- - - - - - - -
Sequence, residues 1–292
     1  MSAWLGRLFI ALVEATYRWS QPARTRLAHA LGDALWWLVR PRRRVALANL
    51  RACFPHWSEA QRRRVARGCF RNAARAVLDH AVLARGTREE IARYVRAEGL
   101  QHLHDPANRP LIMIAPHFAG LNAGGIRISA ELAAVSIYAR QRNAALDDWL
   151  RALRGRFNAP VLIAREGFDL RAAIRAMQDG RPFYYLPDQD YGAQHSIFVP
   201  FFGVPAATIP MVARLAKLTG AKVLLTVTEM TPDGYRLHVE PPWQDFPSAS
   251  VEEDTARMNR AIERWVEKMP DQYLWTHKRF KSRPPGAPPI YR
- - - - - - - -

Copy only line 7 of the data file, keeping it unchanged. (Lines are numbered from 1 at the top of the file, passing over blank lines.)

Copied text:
   251  VEEDTARMNR AIERWVEKMP DQYLWTHKRF KSRPPGAPPI YR